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Legislative Assembly for the ACT: 2005 Week 15 Hansard (Wednesday, 14 December 2005) . . Page.. 4848 ..

Mr Mulcahy says that young people will have more opportunity for work in the ACT under these new laws. I ask myself why Mr Mulcahy is so confident that WorkChoices will provide more jobs. There does not seem to be any job-creation projects in either the 600-odd-page bill or the 500-odd-page explanatory note. I think I know why. I think it is because Mr Mulcahy understands that WorkChoices allows employers to sack workers without fear of retribution. Employers can sack workers at Christmas because they asked for a holiday. That frees up a couple of jobs, does it not? Sacked for wanting a Christmas holiday! Heaven forbid if you asked for a pay rise!

When Mr Mulcahy talks about the violence and tyranny of yesteryear, we should remind the Assembly and the people of the ACT that the union movement has never used attack dogs and balaclavas; nor have they seen fit to train militia overseas for an overthrow based on increasing profits.

My favourite is the make-up of the Australian Labor Party. I am proud of my party’s history and its links with this country’s largest social movement, the union movement. And I am proud that at our party’s ACT annual conference we had in attendance some 160 delegates. But that was a bit different to Mr Mulcahy’s Liberal Party. I understand his shindig attracted about 64 people. He was lucky to get a third of ours. How is that for representation of your constituency! Do not worry, Mr Mulcahy, you will have lots of time to think on how lonely it is in the Liberal Party when you enjoy your paid holidays at Christmas, unlike those workers from the coalmine.

Mr Seselja said that employees will be able to keep their conditions until they trade them off. I ask him: how does that apply to these sacked miners? How will they be spending their Christmas?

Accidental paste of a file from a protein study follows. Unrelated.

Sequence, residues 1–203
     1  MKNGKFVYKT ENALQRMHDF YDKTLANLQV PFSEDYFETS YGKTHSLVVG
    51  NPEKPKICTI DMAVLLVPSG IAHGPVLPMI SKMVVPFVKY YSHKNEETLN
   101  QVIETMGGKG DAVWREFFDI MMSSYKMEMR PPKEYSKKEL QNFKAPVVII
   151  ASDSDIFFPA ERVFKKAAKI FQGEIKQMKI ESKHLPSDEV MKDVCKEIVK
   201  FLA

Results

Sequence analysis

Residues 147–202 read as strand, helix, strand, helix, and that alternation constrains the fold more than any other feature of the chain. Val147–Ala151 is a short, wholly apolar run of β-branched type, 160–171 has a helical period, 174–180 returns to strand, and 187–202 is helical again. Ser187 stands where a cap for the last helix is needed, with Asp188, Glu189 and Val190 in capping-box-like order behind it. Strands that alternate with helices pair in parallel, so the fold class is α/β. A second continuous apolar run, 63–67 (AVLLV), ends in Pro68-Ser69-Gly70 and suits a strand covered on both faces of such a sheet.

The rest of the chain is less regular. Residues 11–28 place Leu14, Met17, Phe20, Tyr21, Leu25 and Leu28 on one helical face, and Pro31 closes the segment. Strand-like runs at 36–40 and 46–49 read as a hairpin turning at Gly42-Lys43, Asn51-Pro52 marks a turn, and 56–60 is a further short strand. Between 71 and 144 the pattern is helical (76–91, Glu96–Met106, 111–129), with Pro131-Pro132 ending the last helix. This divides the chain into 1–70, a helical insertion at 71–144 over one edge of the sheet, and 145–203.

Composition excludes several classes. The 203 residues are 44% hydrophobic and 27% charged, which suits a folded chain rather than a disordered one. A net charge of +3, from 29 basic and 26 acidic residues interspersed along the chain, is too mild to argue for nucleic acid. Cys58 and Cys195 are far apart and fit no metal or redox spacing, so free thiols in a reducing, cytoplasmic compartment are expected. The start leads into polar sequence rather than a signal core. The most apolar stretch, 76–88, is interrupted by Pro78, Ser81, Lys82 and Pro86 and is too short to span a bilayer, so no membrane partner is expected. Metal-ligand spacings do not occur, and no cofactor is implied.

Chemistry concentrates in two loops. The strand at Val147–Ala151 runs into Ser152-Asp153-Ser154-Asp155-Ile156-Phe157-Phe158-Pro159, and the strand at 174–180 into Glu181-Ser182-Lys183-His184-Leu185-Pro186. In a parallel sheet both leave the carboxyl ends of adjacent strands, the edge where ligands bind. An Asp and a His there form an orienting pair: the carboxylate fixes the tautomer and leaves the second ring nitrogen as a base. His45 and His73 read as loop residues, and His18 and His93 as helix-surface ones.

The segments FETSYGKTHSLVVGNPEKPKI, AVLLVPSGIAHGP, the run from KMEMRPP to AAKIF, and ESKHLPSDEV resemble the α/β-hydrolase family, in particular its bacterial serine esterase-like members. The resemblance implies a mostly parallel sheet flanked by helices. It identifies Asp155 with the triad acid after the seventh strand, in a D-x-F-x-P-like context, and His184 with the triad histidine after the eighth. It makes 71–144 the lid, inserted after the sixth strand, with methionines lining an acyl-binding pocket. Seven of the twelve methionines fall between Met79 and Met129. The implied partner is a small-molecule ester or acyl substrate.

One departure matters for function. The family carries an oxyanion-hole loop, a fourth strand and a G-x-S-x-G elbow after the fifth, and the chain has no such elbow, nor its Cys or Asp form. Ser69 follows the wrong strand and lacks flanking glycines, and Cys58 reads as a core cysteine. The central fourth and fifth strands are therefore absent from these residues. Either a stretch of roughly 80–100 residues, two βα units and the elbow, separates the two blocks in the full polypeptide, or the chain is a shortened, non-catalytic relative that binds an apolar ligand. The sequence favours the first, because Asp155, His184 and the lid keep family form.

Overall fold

As Mr Mulcahy reflects on my speech he should remember that not I alone nor the ACT government are the only ones raising concerns about WorkChoices. Remember those 500,000 workers who participated in the national day of action, the biggest worker action we have ever seen in the ACT; the religious groups who have voiced their concerns; the 5,400 submissions to the Senate inquiry; and the 85,189 people asking the Christmas goose to cross the floor.

Mr Smyth said that we now have the lowest rate of industrial action since 1913. I remind him, again, of the 500,000 workers on a day of national action.

Now to Mrs Burke’s comments. She waxed lyrical about the desire of employers to work under a simpler system. Is this because she believes employers are too simple to understand the current system? Maybe it is because she has herself been a little confused in the past. But I digress.

As I said, this motion calls on the federal government to admit that harmonious workplace relationships have developed between employees, unions and employers and have resulted in a productive economy. I would like to think that I am clever in throwing the federal government’s words back in their faces. But, alas, I am just being truthful.

Unlike the federal government, I have 151 academics to back up what I say about productivity. I quote from their submission to the Senate inquiry into WorkChoices:

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